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Ashes Series Set To Serve Up Great Tests, But Not Greatness

A tense final hour saw England finally show some resolve and grab a draw from the very depths of defeat, but the dramatic conclusion only served to highlight the lack of widespread class in either side…

Bopara and England will have to match Australia's intensity (Photo: Getty)

Bopara and England will have to match Australia's intensity (Photo: Getty)

England escaped defeat by the slimmest of margins on Sunday, as James Anderson and Monty Panesar—England’s No. 10 and 11 respectively—formed an unlikely yet defiant 69-ball final stand to deny an Australian side from a victory that they looked destined to take for much of the final day.
It was a dramatic end to the first Ashes Test of 2009, and the first Test match ever to be held at Cardiff’s Sophia Gardens.
Much credit for the “great escape” must go to Paul Collingwood, whose valiant six-hour innings (during which he compiled the slowest England 50 in 14 years) got England to within sight of the finish line.
Ridiculed four years ago by Shane Warne as he collected an MBE despite only contributing 17 runs to England’s Ashes success, Collingwood looks like a man determined to have a big impact on the series this time around.
Absolutely mortified by his dismissal—caught feeling outside off-stump and ending up spooning a catch to gully—that prevented him seeing the job through to its conclusion, the 33-year-old should not be too down-hearted.
Nevertheless, the tense conclusion to the Test should not detract from the simple fact that Australia managed to gain the upper hand on England within three days of the first Test of a five Test series—and this is not even a great Australian side.
“In the end it was close, closer than we would have hoped for and at one point we looked dead,” Collingwood told Sky Sports in the game’s aftermath. “There are some happy people in that dressing room now. Realistically though we know we have to improve for Thursday.”
Nathan Hauritz is an average spinner at best, and while Peter Siddle and Mitchell Johnson are both threatening bowlers, neither would have challenged Glenn McGrath for strike-bowling supremacy in years gone by.
The fact that such a weak bowling attack, by Australia’s high standards, still managed to out-fox England’s upper and middle order, is not a good sign for the remainder of the series.
England—possessing of their own distinctly average bowling lineup in the form of Stuart Broad, James Anderson, Monty Panesar, and Graeme Swann—will hope that a move back to the more familiar Test surroundings of Lord’s will reinvigorate all aspects of their game.
“We’re just thankful that we managed to get away with it,” England captain Andrew Strauss said at the post-match presentation. “We’ve not given away too much momentum, which is important in back-to-back Tests. We are just very, very thankful to get a draw and we can take pride in the fight we showed.”
England’s batsman will look forward to arriving at the home of cricket, bringing with i the likely prospect of a few runs. Only Ravi Bopara should provide real worries for the selectors, and the young No. 3 looks like he only needs one decent knock to give him the confidence to remain competitive throughout the rest of the series.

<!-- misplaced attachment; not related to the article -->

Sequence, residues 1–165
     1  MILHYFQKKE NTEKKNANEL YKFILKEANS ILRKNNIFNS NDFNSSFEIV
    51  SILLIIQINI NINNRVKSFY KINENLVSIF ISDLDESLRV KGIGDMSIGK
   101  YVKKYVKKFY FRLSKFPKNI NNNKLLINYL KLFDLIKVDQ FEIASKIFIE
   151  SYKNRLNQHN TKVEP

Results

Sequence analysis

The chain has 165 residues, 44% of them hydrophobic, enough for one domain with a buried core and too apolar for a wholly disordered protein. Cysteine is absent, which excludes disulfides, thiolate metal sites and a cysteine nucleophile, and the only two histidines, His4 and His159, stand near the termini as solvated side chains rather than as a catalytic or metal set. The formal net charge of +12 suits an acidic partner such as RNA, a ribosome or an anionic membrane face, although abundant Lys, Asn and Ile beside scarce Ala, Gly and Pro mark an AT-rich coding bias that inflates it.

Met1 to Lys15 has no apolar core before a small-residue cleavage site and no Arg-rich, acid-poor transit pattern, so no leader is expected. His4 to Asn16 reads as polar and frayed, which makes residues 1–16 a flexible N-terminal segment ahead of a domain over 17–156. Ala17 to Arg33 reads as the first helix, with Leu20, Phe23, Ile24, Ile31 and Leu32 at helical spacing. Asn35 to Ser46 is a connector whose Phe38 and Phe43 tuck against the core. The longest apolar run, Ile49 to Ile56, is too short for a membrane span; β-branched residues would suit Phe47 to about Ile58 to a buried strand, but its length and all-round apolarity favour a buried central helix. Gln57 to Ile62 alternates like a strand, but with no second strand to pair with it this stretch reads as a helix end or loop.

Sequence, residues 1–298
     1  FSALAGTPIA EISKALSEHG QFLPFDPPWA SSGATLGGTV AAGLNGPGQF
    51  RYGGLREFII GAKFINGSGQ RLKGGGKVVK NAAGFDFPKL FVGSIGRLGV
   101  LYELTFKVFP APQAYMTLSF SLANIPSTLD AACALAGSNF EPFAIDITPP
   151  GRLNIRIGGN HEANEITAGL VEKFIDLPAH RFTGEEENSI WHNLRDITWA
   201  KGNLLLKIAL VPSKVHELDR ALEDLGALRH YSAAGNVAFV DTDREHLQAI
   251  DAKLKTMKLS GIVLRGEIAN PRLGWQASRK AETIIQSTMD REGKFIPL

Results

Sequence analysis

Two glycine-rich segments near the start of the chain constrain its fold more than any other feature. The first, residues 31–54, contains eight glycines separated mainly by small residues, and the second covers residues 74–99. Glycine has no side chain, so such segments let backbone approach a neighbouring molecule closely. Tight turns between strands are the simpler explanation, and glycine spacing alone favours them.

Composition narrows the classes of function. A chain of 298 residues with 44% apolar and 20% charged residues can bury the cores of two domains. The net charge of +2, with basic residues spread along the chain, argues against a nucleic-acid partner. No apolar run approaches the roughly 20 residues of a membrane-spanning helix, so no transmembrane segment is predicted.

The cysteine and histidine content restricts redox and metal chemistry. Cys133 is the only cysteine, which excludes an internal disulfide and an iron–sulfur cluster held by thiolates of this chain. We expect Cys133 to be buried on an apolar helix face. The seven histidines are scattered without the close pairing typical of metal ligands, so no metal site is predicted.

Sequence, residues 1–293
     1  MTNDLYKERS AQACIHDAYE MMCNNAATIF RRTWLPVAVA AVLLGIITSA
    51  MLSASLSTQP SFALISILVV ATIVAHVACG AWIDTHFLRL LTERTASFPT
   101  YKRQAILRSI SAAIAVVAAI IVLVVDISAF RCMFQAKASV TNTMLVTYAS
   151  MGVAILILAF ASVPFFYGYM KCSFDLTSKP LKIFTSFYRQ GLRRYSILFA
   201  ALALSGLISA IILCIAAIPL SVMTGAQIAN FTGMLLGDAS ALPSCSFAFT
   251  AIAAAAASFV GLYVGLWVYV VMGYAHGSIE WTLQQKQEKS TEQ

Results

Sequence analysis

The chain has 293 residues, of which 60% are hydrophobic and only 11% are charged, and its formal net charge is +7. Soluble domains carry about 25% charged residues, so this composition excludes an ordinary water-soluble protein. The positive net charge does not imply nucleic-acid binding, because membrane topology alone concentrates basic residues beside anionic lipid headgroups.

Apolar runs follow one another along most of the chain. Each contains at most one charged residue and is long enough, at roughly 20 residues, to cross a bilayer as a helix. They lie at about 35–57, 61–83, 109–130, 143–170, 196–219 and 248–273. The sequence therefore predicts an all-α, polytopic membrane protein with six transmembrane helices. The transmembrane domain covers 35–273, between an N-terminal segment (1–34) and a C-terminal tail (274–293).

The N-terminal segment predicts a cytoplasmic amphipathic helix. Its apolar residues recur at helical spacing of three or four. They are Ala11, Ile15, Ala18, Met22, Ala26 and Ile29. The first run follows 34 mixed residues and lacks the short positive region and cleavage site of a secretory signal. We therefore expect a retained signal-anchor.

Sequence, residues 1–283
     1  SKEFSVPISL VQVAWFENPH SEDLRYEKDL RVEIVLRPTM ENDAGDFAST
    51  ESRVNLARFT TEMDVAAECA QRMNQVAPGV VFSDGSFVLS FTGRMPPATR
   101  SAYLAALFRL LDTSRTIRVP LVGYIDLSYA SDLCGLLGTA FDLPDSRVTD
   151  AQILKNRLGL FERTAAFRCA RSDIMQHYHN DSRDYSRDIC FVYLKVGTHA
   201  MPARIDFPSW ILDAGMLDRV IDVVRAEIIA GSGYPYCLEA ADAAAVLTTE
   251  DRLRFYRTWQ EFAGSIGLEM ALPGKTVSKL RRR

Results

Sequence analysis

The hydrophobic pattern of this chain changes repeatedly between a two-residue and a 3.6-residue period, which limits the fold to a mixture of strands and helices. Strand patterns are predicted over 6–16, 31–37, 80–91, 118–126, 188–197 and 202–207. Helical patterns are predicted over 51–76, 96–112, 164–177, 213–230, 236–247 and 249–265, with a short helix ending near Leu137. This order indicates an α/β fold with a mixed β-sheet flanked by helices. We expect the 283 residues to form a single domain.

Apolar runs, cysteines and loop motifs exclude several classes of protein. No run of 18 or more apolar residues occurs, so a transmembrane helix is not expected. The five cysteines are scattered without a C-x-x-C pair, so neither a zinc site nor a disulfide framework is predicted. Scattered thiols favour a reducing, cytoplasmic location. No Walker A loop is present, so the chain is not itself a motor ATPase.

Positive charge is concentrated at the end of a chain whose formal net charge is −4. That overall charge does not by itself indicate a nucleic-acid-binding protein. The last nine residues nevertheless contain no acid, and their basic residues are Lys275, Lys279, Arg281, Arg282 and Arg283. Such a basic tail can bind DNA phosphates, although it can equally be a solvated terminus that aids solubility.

It is the toothless nature of the bowling attack that might need more than a change of scenery to address.
Steve Harmison—at his best a truly world-class fast bowler—is in the squad for the second Test and might well get another chance to take on the Aussies, against whom he has a bittersweet history, once more.
If he doesn’t make the starting 11 for the next Test, in replacement of one of the spinners (surely, despite his heroics, Panesar), then his Durham teammate Graham Onions surely should.
These are decisions for Andrew Strauss and the England selectors to make, although, as a captain, Strauss does not inspire confidence in the way Michael Vaughan did.
While Vaughan seemed to have the ability—and the courage—to actively make things happen for his side during crucial periods of matches, Strauss seems to be an altogether more reactionary leader, preferring to try and respond to events as they come.
Strauss does not strike you as a natural leader, and you feel after Kevin Pietersen’s antics last year he became captain through a lack of any other options.
In the annals of time, his captaincy will probably not be remembered amongst the greats. Although the ECB might be quivering at the prospect, Pietersen will surely re-assume the captaincy before too long.
With it, perhaps England will develop the sort of hard-nosed intent that characterises Australian teams. At the minute, that seems the major difference between the two sides—Australia are ruthless, intimidating, and abrasive.
England, while comparably talented, seem too nice to get involved in a real dogfight. Perhaps that will develop as the series, and the personal rivalries, progress.
Regardless of future events, England can take heart from the fact they have come through the inevitable early baptism of fire without any tangible damage being done to their series prospects. The junior members of the squad now know what the Ashes are all about, and the senior members have had the opportunity to see what the new faces in the opposition squad are all about.
From what has been seen so far, neither side should be scared of the other.
One the evidence of the first Test, it cannot be denied that the quality of the two teams is far diminished from the 2005 series.